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Effects of dictation-taking and match-to-sample training on listing and spelling responses in adults with intellectual disabilities


  • This research was conducted in partial fulfillment of the first author's requirements for the Master of Science degree in Behavior Analysis and Therapy. We express enormous gratitude to Caio Miguel and four anonymous reviewers who helped shape the conceptual foundation of this manuscript. We also thank Tracy Tufenk for assistance with data collection and Paulo Meirelles for assistance with computer programming.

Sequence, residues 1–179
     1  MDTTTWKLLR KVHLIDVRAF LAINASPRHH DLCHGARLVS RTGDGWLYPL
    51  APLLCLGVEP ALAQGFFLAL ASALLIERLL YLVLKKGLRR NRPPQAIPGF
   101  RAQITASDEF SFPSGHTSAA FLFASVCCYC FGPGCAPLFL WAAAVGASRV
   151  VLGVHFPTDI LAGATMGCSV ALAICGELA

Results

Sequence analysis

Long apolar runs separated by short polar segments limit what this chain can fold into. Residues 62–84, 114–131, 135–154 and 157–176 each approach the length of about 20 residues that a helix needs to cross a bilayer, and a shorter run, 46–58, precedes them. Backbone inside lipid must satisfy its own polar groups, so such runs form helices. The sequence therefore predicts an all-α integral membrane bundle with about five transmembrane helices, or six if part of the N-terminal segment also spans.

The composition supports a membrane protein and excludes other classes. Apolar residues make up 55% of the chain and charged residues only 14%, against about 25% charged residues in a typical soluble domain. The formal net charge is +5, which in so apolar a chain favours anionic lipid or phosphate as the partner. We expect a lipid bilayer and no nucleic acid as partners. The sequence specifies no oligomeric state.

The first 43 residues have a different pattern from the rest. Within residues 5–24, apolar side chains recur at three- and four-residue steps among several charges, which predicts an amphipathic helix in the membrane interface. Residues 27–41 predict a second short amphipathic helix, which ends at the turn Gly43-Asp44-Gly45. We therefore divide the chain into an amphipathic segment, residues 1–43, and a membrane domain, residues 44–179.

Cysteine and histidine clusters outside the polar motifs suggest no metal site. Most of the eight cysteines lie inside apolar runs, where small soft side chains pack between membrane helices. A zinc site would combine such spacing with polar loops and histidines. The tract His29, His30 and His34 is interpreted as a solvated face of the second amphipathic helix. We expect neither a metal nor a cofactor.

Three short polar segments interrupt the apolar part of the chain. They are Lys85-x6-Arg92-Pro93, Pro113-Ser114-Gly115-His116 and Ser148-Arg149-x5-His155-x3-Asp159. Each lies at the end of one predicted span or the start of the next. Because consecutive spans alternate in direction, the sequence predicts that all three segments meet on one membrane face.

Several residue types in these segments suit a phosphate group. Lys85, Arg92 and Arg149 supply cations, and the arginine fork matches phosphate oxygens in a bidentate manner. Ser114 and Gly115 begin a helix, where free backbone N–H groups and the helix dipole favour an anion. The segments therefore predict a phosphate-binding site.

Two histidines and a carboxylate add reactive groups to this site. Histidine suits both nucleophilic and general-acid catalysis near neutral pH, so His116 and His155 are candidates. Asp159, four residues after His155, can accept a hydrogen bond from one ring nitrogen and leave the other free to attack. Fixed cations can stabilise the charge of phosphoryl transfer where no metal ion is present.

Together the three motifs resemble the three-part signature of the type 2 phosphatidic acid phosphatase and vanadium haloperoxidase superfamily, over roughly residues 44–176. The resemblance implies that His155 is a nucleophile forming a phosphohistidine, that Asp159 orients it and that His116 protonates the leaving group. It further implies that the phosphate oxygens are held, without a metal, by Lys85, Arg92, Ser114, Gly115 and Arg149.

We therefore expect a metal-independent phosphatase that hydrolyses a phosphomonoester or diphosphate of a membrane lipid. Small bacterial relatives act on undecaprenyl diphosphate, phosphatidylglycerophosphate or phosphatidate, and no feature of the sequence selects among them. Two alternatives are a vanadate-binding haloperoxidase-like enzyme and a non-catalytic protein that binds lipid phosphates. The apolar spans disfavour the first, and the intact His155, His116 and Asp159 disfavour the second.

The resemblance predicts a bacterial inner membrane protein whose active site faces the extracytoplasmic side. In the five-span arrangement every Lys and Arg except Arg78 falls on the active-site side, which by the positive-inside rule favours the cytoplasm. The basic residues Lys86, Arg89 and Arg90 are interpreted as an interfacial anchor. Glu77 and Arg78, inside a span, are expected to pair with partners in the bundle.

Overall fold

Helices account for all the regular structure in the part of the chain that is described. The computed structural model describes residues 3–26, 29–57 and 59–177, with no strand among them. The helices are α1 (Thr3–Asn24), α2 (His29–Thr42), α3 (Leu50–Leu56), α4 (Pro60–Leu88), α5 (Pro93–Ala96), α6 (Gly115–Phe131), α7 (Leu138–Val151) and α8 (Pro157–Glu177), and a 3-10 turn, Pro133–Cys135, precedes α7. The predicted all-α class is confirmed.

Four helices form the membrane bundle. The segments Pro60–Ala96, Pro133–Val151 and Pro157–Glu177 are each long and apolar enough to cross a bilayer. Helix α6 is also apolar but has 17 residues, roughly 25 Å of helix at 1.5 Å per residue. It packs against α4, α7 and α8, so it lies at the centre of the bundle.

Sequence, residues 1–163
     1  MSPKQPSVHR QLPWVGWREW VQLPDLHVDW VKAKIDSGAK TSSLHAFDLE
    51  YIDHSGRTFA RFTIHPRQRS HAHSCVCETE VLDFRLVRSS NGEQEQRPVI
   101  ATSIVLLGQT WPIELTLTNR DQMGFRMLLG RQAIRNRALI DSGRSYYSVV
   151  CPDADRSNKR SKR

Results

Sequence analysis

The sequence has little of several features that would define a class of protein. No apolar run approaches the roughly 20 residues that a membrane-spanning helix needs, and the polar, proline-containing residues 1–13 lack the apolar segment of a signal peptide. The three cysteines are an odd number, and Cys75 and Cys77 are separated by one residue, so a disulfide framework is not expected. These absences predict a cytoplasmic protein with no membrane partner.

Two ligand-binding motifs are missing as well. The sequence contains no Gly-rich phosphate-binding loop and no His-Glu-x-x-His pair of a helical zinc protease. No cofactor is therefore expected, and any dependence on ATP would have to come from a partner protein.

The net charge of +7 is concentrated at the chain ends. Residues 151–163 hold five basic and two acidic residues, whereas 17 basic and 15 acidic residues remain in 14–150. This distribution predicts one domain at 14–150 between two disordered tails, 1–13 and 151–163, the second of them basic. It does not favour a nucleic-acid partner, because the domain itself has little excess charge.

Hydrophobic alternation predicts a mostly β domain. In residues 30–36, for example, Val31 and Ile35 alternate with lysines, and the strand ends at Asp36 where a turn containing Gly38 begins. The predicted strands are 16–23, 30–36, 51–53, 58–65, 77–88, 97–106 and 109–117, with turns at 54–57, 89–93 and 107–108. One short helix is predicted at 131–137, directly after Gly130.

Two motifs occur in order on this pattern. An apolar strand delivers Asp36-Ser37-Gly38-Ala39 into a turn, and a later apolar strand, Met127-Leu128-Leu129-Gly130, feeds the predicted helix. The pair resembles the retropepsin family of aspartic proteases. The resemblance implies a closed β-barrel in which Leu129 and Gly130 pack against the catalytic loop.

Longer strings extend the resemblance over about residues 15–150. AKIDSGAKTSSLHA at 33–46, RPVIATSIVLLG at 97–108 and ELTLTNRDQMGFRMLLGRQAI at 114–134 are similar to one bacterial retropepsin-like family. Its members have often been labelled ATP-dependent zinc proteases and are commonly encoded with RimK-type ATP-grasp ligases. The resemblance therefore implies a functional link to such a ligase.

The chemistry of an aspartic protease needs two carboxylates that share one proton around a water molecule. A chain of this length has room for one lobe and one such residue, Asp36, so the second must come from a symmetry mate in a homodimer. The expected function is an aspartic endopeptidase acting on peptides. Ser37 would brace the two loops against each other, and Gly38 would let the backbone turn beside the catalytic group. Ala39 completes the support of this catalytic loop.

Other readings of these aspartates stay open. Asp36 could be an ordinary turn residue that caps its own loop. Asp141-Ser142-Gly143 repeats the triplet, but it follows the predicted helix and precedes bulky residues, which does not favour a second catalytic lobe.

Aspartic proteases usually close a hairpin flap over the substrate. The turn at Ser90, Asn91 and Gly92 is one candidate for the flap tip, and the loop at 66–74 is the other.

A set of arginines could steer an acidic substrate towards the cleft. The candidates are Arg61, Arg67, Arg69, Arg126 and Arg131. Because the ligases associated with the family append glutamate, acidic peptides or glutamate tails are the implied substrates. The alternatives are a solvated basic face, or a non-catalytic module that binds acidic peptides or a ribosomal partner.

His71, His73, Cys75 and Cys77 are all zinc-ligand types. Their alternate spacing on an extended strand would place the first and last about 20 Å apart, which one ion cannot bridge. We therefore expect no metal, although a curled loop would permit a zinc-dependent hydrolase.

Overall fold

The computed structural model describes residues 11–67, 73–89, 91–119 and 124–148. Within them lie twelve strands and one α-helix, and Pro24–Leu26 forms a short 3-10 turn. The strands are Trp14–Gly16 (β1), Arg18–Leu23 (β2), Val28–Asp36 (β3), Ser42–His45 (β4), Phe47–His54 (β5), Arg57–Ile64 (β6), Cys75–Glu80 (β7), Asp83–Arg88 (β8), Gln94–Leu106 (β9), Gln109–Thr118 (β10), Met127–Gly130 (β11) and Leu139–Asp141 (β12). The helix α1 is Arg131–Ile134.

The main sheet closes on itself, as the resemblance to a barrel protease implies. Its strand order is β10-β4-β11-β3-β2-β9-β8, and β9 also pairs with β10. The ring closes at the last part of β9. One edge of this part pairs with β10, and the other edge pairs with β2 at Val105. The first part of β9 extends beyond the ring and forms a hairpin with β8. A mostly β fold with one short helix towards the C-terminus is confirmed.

Several studies have demonstrated that conditions can be arranged to promote increases in a nontargeted verbal operant following instruction of another verbal operant. In the current study, we used a multiple baseline design to evaluate the effects of 2 instructional protocols on nontargeted verbal repertoires (listing of synonyms and vocal spelling of these synonyms) in adults with intellectual disabilities. In Experiment 1, participants were instructed in taking dictation and were tested for the vocal spelling of the words taught during instruction. In Experiment 2, participants were taught to match printed words to their printed synonyms and tested for the vocal spelling and listing of synonyms. In both experiments, interventions promoted increases in nontargeted verbal skills.